Probably the most exciting of Norse creatures is the linnorm, the Norse equivalent to dragons, with certain differences. Linnorms are more serpentine than other European dragons. The name means “constrictor snake.” They can be winged or wingless, and are sometimes limbless or have only forelimbs. In case you ever encounter a giant serpent and need to tell what it is, remember that European dragons generally have four limbs and less serpentine bodies. In Frostborn, we meet an enormous and ancient linnorm named Orm. He lives in the ruins of the city of Sardeth, having devoured the inhabitants long ago. He’s serpentine and winged, though I deliberately didn’t disclose his number of limbs.
This brings me to another aspect of Thrones & Bones that pleases me. It’s always been a pet peeve of mine when a fantasy realm or an imaginary city appears to exist in complete isolation. Real world history isn’t like that and an imaginary place shouldn’t be either. There are always bits of a particular culture that are borrowed or stolen from neighbors, intersections with people and places from far away. So in Frostborn we hear of other realms and we encounter foreigners, like the mysterious soldiers who ride wyverns—two legged, bat winged serpents that come from another country entirely. In fact, Orm himself isn’t actually a native Norrønian. We learn he appeared in Norrøngard over a thousand years previous, which makes him an immigrant.So he’s not technically a linnorm at all! (Though as he’s lived in Norrøngard for over a millennium, maybe we should cut him some slack). We’ll learn more about where he’s from and why he left in the sequel, Nightborn. But all through Frostborn I worked in asides pointing to other cultures, neighboring countries, and the way the history of distant lands sometimes intertwines with that of Norrøngard (my co-lead’s famous sword Whitestorm was actually forged far away before becoming a legendary weapon in his own country). I hope this gives the book and the series a sense of believability and reality, the feeling that other stories might be going on elsewhere on the map beyond the confines of the tale we’re telling at present.
Meanwhile, in Nightborn, we’ll meet another set of creatures from Norse myth—the svartálfar, the dark elves! Dwellers under the earth, the dark elves are actually pale-skinned, but called dark for their black hair and eyes. They live in caverns beneath the Svartálfaheim Mountains and are rarely seen on the surface. But something has drawn them up into the sunlight. As to what, you’ll have to read the books to find out!
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(releases July 14 from Crown Books/Penguin Random House)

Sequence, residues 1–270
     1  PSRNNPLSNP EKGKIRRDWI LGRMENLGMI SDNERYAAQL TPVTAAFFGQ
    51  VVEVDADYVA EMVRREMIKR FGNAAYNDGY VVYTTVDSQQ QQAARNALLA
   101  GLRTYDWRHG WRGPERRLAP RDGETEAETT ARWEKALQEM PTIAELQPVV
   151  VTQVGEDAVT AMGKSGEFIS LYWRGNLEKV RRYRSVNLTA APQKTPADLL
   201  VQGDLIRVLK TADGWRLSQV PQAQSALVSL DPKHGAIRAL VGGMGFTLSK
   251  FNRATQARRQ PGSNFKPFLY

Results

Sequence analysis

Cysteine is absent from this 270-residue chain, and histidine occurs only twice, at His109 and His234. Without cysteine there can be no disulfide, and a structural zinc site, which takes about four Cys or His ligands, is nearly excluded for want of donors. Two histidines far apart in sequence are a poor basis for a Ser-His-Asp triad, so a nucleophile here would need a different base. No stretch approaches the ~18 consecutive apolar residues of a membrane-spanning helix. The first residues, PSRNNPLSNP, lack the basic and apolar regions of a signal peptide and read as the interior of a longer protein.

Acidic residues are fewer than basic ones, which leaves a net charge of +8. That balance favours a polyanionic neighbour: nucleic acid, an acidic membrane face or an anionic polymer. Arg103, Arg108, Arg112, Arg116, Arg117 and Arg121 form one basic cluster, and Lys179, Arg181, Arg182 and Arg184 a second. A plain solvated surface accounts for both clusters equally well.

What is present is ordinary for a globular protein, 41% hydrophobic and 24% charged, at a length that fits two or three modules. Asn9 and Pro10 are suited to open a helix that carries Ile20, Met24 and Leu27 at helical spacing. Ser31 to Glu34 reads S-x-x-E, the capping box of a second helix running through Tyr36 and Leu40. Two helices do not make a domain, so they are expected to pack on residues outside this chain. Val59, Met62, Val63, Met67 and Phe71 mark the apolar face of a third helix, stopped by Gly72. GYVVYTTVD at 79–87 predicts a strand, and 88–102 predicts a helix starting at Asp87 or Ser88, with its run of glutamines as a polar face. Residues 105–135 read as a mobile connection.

Twelve-year-old Desstra is in training to join the Underhand, the elite agents of the dark elves. But her graduation is jeopardized by the betrayal of a teammate. Things go from bad to worse when she is sent far from home on a secret mission, under the supervision of this same rival, whose approval she must win if she is to graduate and realize her life's dream.
Karn is trading in the city of Bense, when he is snatched into the air by a wyvern. The creature carries him across the wilderness straight to the Blasted City, to Sardeth, home of the dragon Orm. Is Karn about to be a dragon's dinner?
Fate doesn't have anything so easy in store for him. The great dragon tells Karn he believes a second Horn of Osius exists, hidden across the continent in the city of Castlebriar. What's more, Orm has previously sent Thianna Frostborn on a mission to recover the horn, but her wyvern returned without her. It seems Thianna has run afoul of the dark elves. Now Karn must rescue his friend and together they must uncover the horn before the dark elves get ahold of this powerful relic.
With only a dragon's blessing to aid them and a mysterious riddle to guide them, Karn and Thianna must race the dark elves to a prize that could alter the fate of nations.
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Lou Anders drew on a recent visit to Norway along with his adventures traveling across Europe in his teens and twenties to write Frostborn and Nightborn, combining those experiences with his love of globe-trotting adventure fiction and games (both tabletop and role- playing) However, he has yet to ride a wyvern. With the addition of characters Desstra and Tanthal, Anders hopes that his second book in the Thrones and Bones series will continue to appeal to boys and girls equally. Anders is the recipient of a Hugo Award for editing and a Chesley Award for art direction. He has published over five hundred articles and stories on science fiction and fantasy television and literature. A prolific speaker, Anders regularly attends writing conventions around the country. He and his family reside in Birmingham, Alabama.